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The Massena observer. (Massena, St. Lawrence County, N.Y.) 1897-1989, December 19, 1968, Image 1

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Persistent link: http://nyshistoricnewspapers.org/lccn/sn84031311/1968-12-19/ed-1/seq-1/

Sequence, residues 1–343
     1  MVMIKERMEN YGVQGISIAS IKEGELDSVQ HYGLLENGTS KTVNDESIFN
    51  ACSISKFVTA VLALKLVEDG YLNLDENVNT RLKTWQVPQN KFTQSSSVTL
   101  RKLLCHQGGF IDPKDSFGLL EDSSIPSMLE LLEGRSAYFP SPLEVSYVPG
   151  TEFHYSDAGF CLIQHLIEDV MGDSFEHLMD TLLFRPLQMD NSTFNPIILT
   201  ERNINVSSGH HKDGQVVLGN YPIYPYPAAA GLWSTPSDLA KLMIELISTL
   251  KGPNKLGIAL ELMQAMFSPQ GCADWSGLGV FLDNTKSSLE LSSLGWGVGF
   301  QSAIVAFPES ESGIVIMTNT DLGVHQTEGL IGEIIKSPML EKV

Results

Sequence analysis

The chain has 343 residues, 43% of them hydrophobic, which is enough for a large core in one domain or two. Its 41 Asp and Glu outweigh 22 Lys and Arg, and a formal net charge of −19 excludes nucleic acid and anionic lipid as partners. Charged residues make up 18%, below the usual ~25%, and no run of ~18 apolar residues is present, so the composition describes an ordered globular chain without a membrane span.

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Temperature Mon., Dec. 16 10 6 .06 Tues., Dec 17 20 10 .02 Wed., Dec, JL8 28 10 .0 Snow on ground 3 to 5 inches. & HOME OP THE ST. LAWRENCE SEAWAY - POWER DEVELOPMENT £ The Massena Observer TOWN DUMP HOURS. 7 a.m. — 4 p.m. Monday to Friday 9 a.m. — 4 p.m. Saturday Only Closed Sundays MASSENA'S OLDEST INDUSTRY ESTABLU .^u Ufct- I, 1891 Vol. 77, 6745 Massena, N. Y., Thursday, December 19, 1968 SINGLE COPY 156 Indians Halt Bridge Traffic, 48 Arrested Photos by Nick J. Podgurski. Ernest Benedict speaks to his people. Hospital Census Above Average Survey Shows J '\\X An increase in the number of persons ill with the flu and up- per respiratory diseases has been noted, Dr. Maurice Eld- er, Massena health officer, said. However, none has been def- initely diagnosed as the Hong Kong flu. Dr. Elder said that specimens had to be sent to the state laboratory to determine which virus is involved, and this takes two or three weeks to get the result. He said that there seems to be more pneumonia in children than usual at this time of year. Census at the hospital is run- ning far alx>ve last year. For the week ending Dec. 14, this year, the patient days in the Massena Memorial Hospital was 697; for the same week last year, there were 571 pa- tient days. At midnight on Dec. 2, t h e census stood at 114 patients. This may have been a record. The census at midnight Mon- day was 95, which included five mothers and five babies, 24 children in pediatrics, and the rest on the medical and surgi- cal floors. Usually, the number of chil- dren 4H the pediatrics ward is in the teens, or even less. The American Red Cross calls the nationwide influenza epidemic a \disaster situa- tion,\ and the health commis- sioner in the hardest-hit city- New York — predicts it will 1 be .even worse there by New Year's Day. Health Commissioner E d - ward O'Rourke estimated Tues- day that 500,000 New Yorkers —one in every 16—had recov- ( ered from the flu in the past two weeks. O'Rourke said 300,000 per- sons were currently in the most critical stage of the di- sease. And he predicted that the city's epidemic would peak during the first week in Janu- ary, probably around the start of the new year. Wore Outbreaks Meanwhile, reports of out- breaks of respiratory illnesses including Hong Kong flu con- tinued fo come from all sec- tions of the country. - The Red Cross asked its chap- ters to provide workers and supplies to hospitals, schoo 1 s and nursing homes. Hospitals throughout the country restrict- ing visits in order to avoid ex- posing patients to the flu vi- rus. Many public schools and colleges were closing aerly be- cause of high incidences of respiratory disease. A Health Department offici- al in Allegheny County Pa., where Pittsburgh is located, said the Hong Kong flue had reached 'epidemic proportions\ in the county. School absentees in some districts were as high as 30 per cent, the official said. Vice President Hubert H. Humphrey was still suffer i n g from the flu Tuesday in Phoe- nix, Ariz., and was expected to remain there another day. Schools and businesses in Phoenix reported absenteeism running 20 per cent above nor- mal. More than 8,000 students were absent in the 28,000-stu- dent Phoenix Union high school district. Reported flu cases in N e w York City have been more than 4,400 during the past week compared with 1,800 the week before. One influenza death was re- ported in Milwaukee, Wis. The health commissioner there also said there had been 17 pneu- monia deaths in the first half of December, compared with seven in the same period last year. Unarmed Canadian police hustled 48 Indian men and women, including some leaders, off to Cornwall City jail dur- ing a three hour blockade of the Cornwall-Massena Interna- tional bridge crossing on Corn- wall Island Wednesday morn- ing. Royal Canadian Mounted Police, Ontario Provencial Police joined Cornwall City Police and actually carried most of those arrested to police cars from the intersection just a few feet notrh of the Cana- dian Customs building. The bridge route runs on both sides of the customs building and a road, east and west, crosses this route. It was at the intersection where St. Regis Mohawk Indians chose to park their cars beginning at 9 o'clock in the morning. The ing an effort; later Deputy and plus Chief tjormidas Poirier finally \Chief Allen Clark Inspector R. K. Chalmers of the Ontario Provenicial Police. Sometime after 11 o'clock in the morning, Chief Clark told Ecnest Benedict, \Now that you have made your point, please clear the area.\ Benedict, one of the delegates f the f i h of th group went to see g of Indians who Prime Minister Pierre Trudeau, listened attent- ively. He told the Police Chief' would ask his people. \We're not moving, we're not moving,\ the group of about 50 chanted after hearing Bene- dict explain the request of the police in both his native tounge and English. Depfity Chief Poirier told Benedict at one point during the block if you do not move we will have to use force. While one person on'the left resists, another is carri ed to a police car at the International bridge crossing. blockade came off an hourj Among the 48 arrested includ- earlier than hte announced 1 o'clock time. A handful of Cornwall Cit> police appeared on the seen first, conferred with a group oi the Indians who had blocked the roadway. Police said that ine mdwns would have to move as they were obstructing traffic. Police repeated they had or- ders to ciear th road to permit bridge traffic and the Indians held fast. There was some crowding and the first person was hustled off to a police ear, garbed in an Indian blanket and head band. The young woman struggled and resisted. There was no violence of any nature. The only weapon seen was knife in a sheath dropped from the white buckskin jacket worn by Kahn-Tineta Horne Caughnawaga Reserve. Efforts to have the crowd disperse began with Cpl. Jos- eph LaRose and his men mak SHOPPING DAYS TIL CHRISTMAS ed Tom Porter of Rochester and St. Regis, who is allegedly to be the first American Indian to defy the U S. draft. Consistently police in pairs- y p p walked off with one of the 48 person, resisted flanking the arrested At times those who were carried to the car, some lifted from the ground and car- riedi Shouts from a few were heard. One woman kept minding police officers that the entire matter was going to be seen on national television and pictures would be wirephotoed to newspapers across country. The real break in the block- ade came when Chief Angus Mitchell drove his car from the southbound lane across the crossing. He stopped and spoke to several Indians who were in their vehicles. They left their parked posi- tions and then the crowd fol- lowed. A meeting was held in the Long House at Hogansburg all afternoon. More than 70 per- sons attended. The Council asked Benedict to give his views. Benedict is a 1940 graduate of St. Lawrence University. Some fine cut paper was plac- ed in a bundle at the inter- section and fire set to it. Before the smoke could pass head high, police stomped out the fire and made another arrest. A second fire was started on the old bridge road. Shavings and scrap lumber used at the Lacrosse factory was used along with an old tire. No effort was made to put it out. One of the prime issues which caused the bridge blockade was that the Canadian Government failed to pass into legislation sections of the Treaty of 1754. Article three of the Treaty reads: No duty or entry shall ever be ievied by either party on peltries brought by land, or inland navigation into the said territories respectively, nor shall Indians passing or repass- ing with their own proper goods and effects of whatever nature for the same an import or duty whatever. S*«*V*,*WHt*>tfc Groceries Purchased in Massena by Indian Woman. This sign speaks for itself — Notice.. This was the scene Wednesday morning as St. Regis Indians blocked the south bound road from Canada It's Christmas Fun Time Saturday AND A MERRY, MERRY CHRISTMAS TOO! This band of young Thespians will entertain the young of Massena area for their annual Christmas stage show to be held Saturday. They have presented their productions to capa- city houses in the past. Kneeling: L. Bronchetti, E. Falla, P. Ober, J. Rey- nolds, J. Spadafore, B. Woodward, S. Hall. Standing: M. Sullivan, M. Wood- ward, N. Cornell, B. LaClair, S. Dllla- bough, B. Evans, S. Spadafore, B. Davey. Third row: G. Levine, J. Seguin, P. Weiller, S. DeVoe, P. Poore, C. Cochran, R. LeGoy. With the approach of Christ- mas, the Thespians of Massena Central High School anxiously wait for Saturday, Dec. 21 t at 2 p.m. Thespians wiH present their annual Christmas gift to the . grade school children of the Massena area. This' gift is in the form of a play \The Em- peror's New Clothes\ which will be line on stage at the Massena Central High School •auditorium. There is absolutely nd charge for admission. This stage story takes place in China. The minister of the Emperor's robes has been cheating the weavers. Two wanderers come to town and take sides with the weavers. These two rogues pretend to be weaving new robes for the Emperor. . Listen to this JcidS — they have no cloth. The \cloth\ is supposed to be such that those who are dishonest are not able to see it. And you'll, rea 11 y laugh .—' because of this no one says anything, when the Emper- or parades about the town wear- ing only his underclothes. But —' after the Emperor re- turns to the palace a child tells the weavers that the Emperor had no clothes on. Theit it hap-' pens! The rogues give all the . gold and jewels that they were paid for their work to the weav- ers. And they leave town. Student members of the cast DeVoe, Nancy Cornell, Beth- any Woodward, Jeff Spadafore and Jay Reynolds, Paul Ober, Eric Falja, Beniie LaClair, Sue Hall, Brian Davy, Jamie Se- quin, Sue Spadafore, Paul Wil- lar and Patty Schofield. Each year the Thes-pians . make a point of doing' a play of this type for the children be- cause most of the children of the area have never had the opportunity to see an actual live stage production; especial- ly one for their age level. Some years ago William Cor- nell, Thespian advisor and di- rector of this play, recognized such a need and decided to do something about it. Since that day the Thespian Society has produced such as \The Red Shoes\ \Jack and the Giant\ and \The Clown Who Ran Away\. A stage production of t h I s .type involves the children in the story as no oth e r media can. For this reason the Thespians are certain that each child who sees \The Emperor's New Clothes\ wffl carry a magical memory throughout tot Christmas season.